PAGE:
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Special Report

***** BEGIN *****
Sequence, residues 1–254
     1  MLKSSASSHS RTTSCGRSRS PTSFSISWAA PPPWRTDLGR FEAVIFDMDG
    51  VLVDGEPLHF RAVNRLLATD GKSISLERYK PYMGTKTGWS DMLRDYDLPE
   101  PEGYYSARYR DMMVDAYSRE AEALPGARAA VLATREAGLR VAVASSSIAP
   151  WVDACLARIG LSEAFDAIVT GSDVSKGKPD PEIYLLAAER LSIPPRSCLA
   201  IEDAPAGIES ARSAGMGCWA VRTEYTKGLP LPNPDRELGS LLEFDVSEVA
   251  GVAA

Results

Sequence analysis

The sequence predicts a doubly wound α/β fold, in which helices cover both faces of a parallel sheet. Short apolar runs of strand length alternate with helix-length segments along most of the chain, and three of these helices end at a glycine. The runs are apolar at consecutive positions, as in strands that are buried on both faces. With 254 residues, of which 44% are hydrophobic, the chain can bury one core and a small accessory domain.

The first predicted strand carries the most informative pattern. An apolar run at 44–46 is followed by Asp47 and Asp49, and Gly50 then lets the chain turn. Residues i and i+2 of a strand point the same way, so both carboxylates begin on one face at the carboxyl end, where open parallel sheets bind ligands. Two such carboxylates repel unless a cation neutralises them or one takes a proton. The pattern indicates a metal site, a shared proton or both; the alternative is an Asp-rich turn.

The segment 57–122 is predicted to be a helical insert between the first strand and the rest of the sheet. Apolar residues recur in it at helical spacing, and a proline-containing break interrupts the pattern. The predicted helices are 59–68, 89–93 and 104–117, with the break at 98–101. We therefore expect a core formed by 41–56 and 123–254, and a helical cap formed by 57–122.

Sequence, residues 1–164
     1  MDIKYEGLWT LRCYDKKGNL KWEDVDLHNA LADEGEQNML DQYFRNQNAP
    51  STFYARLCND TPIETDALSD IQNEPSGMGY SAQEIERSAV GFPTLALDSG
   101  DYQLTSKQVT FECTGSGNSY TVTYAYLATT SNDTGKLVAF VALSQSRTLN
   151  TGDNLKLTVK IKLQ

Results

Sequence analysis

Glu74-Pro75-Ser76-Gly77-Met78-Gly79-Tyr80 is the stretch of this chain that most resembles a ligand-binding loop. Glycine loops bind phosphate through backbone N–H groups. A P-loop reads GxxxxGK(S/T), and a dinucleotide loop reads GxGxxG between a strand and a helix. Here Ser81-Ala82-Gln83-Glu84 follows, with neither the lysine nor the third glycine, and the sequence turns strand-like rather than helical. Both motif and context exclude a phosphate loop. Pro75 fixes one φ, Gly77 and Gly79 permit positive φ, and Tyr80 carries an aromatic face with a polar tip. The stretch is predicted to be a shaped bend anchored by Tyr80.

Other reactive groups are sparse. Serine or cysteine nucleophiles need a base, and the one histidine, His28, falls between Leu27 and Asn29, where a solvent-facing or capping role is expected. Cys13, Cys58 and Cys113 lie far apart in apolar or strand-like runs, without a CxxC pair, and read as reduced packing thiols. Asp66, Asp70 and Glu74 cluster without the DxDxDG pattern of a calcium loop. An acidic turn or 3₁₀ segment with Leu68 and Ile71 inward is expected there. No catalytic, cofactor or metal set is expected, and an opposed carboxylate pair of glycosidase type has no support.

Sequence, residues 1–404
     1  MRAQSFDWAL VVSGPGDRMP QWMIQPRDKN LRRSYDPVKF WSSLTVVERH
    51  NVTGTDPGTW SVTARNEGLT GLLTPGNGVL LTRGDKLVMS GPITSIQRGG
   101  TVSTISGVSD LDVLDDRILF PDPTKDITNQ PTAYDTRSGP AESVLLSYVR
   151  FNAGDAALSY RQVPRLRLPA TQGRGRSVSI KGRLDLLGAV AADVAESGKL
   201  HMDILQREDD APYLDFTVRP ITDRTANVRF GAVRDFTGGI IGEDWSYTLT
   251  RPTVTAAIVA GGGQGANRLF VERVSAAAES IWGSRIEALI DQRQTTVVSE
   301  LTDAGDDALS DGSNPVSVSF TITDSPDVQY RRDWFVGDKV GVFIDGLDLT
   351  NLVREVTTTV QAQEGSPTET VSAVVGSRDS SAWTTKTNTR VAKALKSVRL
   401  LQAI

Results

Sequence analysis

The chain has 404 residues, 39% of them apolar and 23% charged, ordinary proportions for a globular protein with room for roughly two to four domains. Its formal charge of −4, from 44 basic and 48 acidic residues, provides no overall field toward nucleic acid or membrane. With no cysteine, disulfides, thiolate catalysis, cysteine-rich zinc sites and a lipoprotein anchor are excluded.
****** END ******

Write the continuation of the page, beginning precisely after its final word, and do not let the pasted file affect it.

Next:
Vladivostok excited to be center of attention at the APEC summit Vladivostok-ers hope that tourism will flourish in a city once closed to foreigners, writes Vaughan Winterbottom The gritty Russian port city of Vladivostok— where the main business is importing righthand Toyotas, Hondas and Nissans — will host the 24th Summit of the Asia-Pacific Economic Cooperation (APEC) forum on September 2-9. About 600,000 locals are aware that the leaders of 21 countries and accompanying media will descend on the city. However, the real party is reserved for infrastructure projects that will be completed on the eve of the summit, and the hopes that tourism will flourish in the formerly closed naval outpost. Chief among the building efforts is the construction of two massive bridges, one from the city centre across Zolotoy Rog (Golden Horn) Bay to the residential area of Churkin. The other is from the city’s Nazimov Peninsula to Russky Island, where the APEC meetings and conferences will take place. The bridge to Russky Island became the longest cable-stayed bridge in the world when it was completed in June. An opening ceremony for the Russky Island Bridge was scheduled for July 2 to coincide with the anniversary of the city’s founding 152 years ago. However, it was delayed for a month due to rain damage. Bridge construction hasn’t been without incident. A large fire on the Zolotoy Rog Bridge last December led to rumours that a collapse was imminent. Locals said rain was a timely excuse, but the pomp and ceremony on July 2 went ahead. Prime Minister Dmitry Medvedev flew in for the aborted occasion and said: “As someone not living in Vladivostok, I can objectively say that the changes here have been huge. I’m glad that the 152-nd anniversary celebrations of the city coincide with another very important event – the beginning of test operations on our beautiful bridges. Although they are yet to open, they have already become symbols of the city.” Anniversary celebrations were extended to a full week to unveil a host of other urbanrejuvenation projects. On the final day of festivities on July 7, the old Arbat pedestrian street in the city centre was packed. Girls posed in front of new fountains. Fireworks dazzled to the accompaniment of live music. “I’d give a high rating to what I’ve seen,” said New Zealand’s ambassador, Ian Hill. “The scale of construction on the island is truly impressive; I have no doubt the site will be ready. Russky Island is a great place for APEC, and for a world-class university.” Island residents aren’t so impressed. Many chose to live there to escape Vladivostok’s